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Brake challenges government to work towards zero road deaths

Thursday 16th July 2015

At a parliamentary reception held at the House of Commons on 14 July, road safety charity Brake set out its vision for a future “free of the needless trauma of road death and injury”.

Julie Townsend, Brake deputy chief executive, told an audience of new and returning MPs that, following the first annual increase in road casualties of all severities in 17 years, the time has come for the government to reinstate ambitious casualty reduction targets – with the ultimate goal of reducing deaths and serious injuries on UK roads to zero.

Brake and long-time campaign partners Direct Line Insurance used the event to publish a report summarising the key findings from more than a decade of surveys of 1,000 drivers which examine driver attitudes, knowledge and behaviour in relation to safe driving, from fitness to drive to breaking traffic laws.

The report shows that the proportion of respondents who admitted to driving after one alcoholic drink (32% in 2013/51% in 2003), using a mobile phone (45% in 2013/54% in 2006), and speeding (57% in 2015/88% in 2004) have all fallen.

The policies that Brake is advocating to reduce casualties include: a “zero-tolerance drink drive limit” of 20mg alcohol per 100ml of blood; greater priority given to traffic policing and increased penalties for mobile phone use and speeding; a system of graduated driver licensing to allow new drivers to learn in a safer and more structured environment; and a “default urban speed limit of 20mph”.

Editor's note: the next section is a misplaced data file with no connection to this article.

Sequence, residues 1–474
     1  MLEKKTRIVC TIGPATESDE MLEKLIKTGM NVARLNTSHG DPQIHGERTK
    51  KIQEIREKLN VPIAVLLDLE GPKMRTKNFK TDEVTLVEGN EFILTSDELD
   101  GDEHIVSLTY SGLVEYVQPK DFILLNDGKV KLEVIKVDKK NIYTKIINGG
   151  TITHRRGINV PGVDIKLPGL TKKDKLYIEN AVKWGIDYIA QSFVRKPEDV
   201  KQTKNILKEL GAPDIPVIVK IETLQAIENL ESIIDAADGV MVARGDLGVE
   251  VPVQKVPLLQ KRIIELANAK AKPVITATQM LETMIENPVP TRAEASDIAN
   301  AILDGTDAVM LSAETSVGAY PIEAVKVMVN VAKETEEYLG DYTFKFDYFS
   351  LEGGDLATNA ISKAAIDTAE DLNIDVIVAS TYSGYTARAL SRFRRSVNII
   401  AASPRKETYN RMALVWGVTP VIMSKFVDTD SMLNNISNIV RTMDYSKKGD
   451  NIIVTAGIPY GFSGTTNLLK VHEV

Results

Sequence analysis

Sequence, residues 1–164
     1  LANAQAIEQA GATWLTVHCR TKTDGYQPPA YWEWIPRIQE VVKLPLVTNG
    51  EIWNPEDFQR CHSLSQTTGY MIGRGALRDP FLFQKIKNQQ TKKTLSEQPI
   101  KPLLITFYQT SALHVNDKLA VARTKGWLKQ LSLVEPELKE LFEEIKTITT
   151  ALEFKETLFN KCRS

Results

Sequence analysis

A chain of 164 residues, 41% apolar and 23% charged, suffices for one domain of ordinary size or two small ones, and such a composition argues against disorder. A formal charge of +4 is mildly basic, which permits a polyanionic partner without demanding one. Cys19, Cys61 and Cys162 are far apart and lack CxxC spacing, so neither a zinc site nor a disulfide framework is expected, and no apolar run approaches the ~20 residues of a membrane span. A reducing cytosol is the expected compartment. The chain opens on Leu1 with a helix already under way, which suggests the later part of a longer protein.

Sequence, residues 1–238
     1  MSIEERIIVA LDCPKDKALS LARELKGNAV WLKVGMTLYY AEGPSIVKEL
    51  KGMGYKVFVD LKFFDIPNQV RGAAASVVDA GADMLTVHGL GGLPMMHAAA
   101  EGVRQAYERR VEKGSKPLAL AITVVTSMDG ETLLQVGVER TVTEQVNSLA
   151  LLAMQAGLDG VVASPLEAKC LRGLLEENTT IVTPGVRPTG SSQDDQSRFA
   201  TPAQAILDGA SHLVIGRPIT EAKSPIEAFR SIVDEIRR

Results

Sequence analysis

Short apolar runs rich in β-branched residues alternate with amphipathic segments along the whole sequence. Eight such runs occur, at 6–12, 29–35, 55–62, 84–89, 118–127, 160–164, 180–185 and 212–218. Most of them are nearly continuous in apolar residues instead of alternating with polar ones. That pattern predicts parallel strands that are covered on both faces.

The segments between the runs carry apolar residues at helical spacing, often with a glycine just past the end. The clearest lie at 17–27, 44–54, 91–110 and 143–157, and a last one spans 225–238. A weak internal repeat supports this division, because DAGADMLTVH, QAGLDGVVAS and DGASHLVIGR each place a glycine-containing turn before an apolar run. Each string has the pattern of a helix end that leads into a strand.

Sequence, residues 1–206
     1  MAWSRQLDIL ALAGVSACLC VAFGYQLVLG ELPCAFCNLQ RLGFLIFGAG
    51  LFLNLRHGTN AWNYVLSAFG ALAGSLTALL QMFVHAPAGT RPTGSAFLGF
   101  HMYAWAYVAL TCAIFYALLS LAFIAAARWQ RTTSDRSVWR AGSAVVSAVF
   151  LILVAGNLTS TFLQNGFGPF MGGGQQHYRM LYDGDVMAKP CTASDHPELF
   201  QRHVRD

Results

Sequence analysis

Julie Townsend said: “We often hear that the UK has among the safest roads in the world. Yet after years of progress in bringing down casualties, figures for 2014 have revealed the first annual increase for 17 years.

“People on foot and bike – those travelling via the healthiest, least polluting and harmful means – have borne the brunt of the recent increase in casualties.

“In fact, if you travel by foot or bike in the UK you are far more likely to be killed or injured than in many of our European neighbours.

“There is far more we can do to make our roads as safe as they can be, where no one must pay the ultimate price for getting around.

“Global research and experience shows that measures like graduated driver licensing, 20mph limits and a lower drink drive limit are effective in preventing loss of life, and making our streets and communities safer, more pleasant places.

“We are appealing to the government to respond to the rise in casualties and seize the opportunity of preparing a new road safety strategy, by making clear that ultimately, we should be moving towards zero road deaths and injuries and ensuring everyone can get around without fear or threat.”

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Brake might as well challenge government to make it stop raining on Wimbledon tennis.

I would suggest educating all drivers, starting with new ones, in showing and describing in detail the consequences of rash behaviour, distraction and understanding mass and inertia involved in a vehicle out of control, emphasising the need for consideration for all other road users in the process, stopping distances relative to what they can see ahead and the effects of weather on surface grip on those distances. Tall order.
Derek Reynolds, Salop.

Agree (2) | Disagree (1)
+1

To round things off and to get back to the headline then Duncan, how then would you stop road users having collisions? Last time I asked you that, I recall you referred me to somebody with a vaguely foreign sounding surname who'd written a book, but as an acknowledged expert in the field yourself, what would you do? Actually, it would be interesting to find out what measures other readers/contributors would put in place if it were their responsibilty. Any takers?
Hugh Jones, Cheshire

Agree (7) | Disagree (2)
+5

Duncan

Your arguments seem to be based on telling people to go away and read articles and analyse unreferenced statistics so that they can come to the same conclusions as yourself.

What you fail to do is communicate concisely and adequately exactly what you would do to reduce danger. Its a constant denigration of others in road safety and their initiatives with very little positive contribution.

I look forward with anticipation to ever seeing anything constructive but in the meantime I suspect readers will simply regard your comments as "no surprise - no accident"